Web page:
It is natural for children to count all as they begin adding. By helping them learn more efficient ways to think, you can help them make sense of adding with the harder basic facts and mental computation with larger numbers. Helping students move beyond counting is one of the first steps in building their competence and confidence in mathematics.

Why do children continue counting from one to solve basic addition fact problems? From the time children begin to learn about numbers, they have been encouraged to count to find out how many. Furthermore, they have had success with counting to find these answers. As long as they can see the objects or directly model the problem on their fingers, they will tend to use the same counting patterns. This is one of the reasons that students using a manipulative activity program sometimes continue to count all for an extended time. If the counters are right there in front of them, why not count them? The children are confident that they can correctly answer the question using that procedure.

In order to break this pattern of behavior, teachers need to structure experiences where it is much easier to use a different thinking strategy. For example, if you create a situation where the students can not count all, they will try to find different ways to solve the problem.

Two teaching strategies tend to encourage children to look for ways other than counting all to solve the problems. Hiding the large part that is to be added, then showing the small part encourages children to count on. Similarly, using situations where one of the numbers is much larger makes it very difficult to count all. For example, if you have 34¢ in your piggy bank and put another 2¢ in the bank, how much is there now. Counting from 1 to 34 is not efficient, so students try counting on.

- Create a word problem where one of the parts being added is small (1, 2, or 3).
- Give the students an opportunity to think about this problem.
- Then ask several students to share how they figured the problem out. One of them probably will explain how they counted on. If not, then tell the students that you heard a student solve it by counting on, then explain how they were thinking. For 6 + 2, think 6, … then count on two more, … 7, 8.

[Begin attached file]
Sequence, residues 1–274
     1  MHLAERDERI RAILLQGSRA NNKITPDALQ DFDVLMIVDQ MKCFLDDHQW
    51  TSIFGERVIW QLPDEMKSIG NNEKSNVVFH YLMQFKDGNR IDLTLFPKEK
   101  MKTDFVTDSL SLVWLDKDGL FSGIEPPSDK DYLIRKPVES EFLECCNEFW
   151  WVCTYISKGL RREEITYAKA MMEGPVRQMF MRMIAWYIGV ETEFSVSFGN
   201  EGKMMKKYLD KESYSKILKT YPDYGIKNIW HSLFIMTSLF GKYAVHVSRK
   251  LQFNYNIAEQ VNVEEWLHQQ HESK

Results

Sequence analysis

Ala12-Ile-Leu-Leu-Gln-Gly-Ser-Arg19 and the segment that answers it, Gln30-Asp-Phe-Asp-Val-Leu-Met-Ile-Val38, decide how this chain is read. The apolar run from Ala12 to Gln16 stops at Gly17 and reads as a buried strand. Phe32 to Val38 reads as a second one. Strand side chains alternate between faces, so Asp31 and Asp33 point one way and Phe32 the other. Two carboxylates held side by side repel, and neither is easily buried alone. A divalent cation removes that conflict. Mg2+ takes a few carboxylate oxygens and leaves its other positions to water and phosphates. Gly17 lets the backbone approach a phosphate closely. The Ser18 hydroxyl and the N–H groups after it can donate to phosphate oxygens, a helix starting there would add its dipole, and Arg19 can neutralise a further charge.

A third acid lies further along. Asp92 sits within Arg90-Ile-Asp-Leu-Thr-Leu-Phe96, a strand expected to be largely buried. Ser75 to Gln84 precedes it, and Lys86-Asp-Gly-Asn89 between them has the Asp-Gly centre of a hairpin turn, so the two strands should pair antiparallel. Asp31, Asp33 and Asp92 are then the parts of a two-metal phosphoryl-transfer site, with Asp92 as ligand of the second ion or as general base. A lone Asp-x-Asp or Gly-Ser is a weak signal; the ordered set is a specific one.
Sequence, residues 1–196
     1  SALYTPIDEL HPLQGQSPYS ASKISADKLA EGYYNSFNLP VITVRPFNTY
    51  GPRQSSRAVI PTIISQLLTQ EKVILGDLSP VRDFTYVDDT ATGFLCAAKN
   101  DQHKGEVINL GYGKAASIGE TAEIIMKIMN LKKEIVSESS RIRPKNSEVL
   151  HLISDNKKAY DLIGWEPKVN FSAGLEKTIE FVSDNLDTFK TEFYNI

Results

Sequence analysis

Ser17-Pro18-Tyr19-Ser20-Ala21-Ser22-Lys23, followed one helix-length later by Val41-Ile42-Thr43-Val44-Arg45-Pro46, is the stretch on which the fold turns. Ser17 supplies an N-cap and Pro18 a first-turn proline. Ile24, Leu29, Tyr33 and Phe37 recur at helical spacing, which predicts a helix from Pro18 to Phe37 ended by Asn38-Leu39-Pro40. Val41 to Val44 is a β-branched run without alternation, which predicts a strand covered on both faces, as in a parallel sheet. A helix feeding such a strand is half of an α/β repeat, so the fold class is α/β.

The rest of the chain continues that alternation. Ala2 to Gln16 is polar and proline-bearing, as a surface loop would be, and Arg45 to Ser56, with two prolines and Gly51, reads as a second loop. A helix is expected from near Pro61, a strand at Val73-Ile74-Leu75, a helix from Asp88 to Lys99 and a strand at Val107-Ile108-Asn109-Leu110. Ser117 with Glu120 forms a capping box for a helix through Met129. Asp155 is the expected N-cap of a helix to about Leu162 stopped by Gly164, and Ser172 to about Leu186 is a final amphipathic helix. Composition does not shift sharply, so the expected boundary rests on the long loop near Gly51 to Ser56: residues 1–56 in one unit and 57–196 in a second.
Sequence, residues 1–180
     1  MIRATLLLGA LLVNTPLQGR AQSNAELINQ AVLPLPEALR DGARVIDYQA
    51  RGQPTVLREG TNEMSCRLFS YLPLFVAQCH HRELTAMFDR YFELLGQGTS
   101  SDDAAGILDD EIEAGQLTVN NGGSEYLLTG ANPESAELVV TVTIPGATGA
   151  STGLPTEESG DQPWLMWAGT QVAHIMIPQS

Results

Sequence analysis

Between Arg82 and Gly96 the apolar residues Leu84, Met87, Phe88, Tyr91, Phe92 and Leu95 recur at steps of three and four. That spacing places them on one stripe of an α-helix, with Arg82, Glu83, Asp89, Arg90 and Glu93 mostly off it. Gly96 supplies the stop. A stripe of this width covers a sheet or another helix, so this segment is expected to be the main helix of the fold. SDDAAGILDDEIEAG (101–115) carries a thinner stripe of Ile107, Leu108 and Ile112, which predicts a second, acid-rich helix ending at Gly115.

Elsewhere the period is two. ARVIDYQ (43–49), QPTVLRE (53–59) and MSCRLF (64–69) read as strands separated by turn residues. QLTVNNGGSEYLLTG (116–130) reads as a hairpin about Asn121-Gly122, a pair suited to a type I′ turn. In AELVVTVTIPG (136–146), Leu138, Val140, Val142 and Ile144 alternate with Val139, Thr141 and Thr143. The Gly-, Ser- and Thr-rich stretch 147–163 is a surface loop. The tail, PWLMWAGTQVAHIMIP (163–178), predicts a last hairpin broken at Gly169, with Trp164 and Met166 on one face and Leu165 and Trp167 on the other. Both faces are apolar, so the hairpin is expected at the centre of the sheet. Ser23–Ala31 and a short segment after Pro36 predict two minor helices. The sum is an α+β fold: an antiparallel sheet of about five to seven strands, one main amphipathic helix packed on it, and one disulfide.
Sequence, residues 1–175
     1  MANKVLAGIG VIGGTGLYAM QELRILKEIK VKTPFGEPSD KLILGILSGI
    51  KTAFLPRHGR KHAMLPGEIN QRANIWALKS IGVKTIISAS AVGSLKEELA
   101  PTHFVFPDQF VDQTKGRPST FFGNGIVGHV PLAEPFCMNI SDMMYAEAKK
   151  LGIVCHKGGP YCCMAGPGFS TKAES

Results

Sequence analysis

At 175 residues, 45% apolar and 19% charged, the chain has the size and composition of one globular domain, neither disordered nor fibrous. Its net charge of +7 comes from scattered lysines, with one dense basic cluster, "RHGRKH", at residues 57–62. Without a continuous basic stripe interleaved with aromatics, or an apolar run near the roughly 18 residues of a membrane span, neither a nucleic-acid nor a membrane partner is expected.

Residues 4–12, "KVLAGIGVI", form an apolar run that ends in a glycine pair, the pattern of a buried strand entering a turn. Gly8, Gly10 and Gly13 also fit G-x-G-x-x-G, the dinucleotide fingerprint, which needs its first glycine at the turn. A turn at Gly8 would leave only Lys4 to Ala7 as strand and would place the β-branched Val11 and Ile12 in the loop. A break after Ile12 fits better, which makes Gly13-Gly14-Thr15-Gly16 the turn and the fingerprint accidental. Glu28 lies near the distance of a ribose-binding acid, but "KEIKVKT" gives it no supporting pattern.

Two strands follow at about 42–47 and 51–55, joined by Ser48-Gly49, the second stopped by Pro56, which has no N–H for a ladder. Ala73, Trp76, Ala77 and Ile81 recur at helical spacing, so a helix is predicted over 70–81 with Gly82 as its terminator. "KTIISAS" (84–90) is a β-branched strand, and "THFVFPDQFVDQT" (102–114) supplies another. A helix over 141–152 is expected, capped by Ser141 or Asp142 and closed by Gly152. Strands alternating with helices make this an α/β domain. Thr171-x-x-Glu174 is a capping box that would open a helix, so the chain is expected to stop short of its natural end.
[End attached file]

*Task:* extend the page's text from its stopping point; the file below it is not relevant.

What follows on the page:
- You may want to model the counting on thinking by showing the large part, then covering it and reminding the students how many there are, then add the small part one at a time as you count on to get the whole.
- Verbalize the thinking and ask the class to verbalize the thinking.
- Then ask the class to use counting on to solve another problem.

Using a similar procedure for a few minutes everyday for two or three weeks will help nearly all of the class learn to use counting on. Besides the routine described in the bullets above, sometimes do the following.

- Ask what addition problem they did and how it could be written as an equation.
- Ask students to start at 3 and count on 8 and compare it to starting at 8 and counting on 3. Reinforce the efficiency of starting with the larger number and counting on the smaller number.
- Discuss when counting on can be used efficiently, that is, when one of the parts being added is small.
- After the students can count on, a few minutes of practice on a regular basis for two or three weeks will enable them to solve counting on problems in about 3 seconds. If they also know the zero generalization, they will be able to solve 64 of the 100 basic addition facts quickly.

Alternative procedures can also be used. One teaching strategy is to use counters to show addition problems, but keep the large set hidden. Then add the small part, one counter at a time. The following are examples of situations that can be created.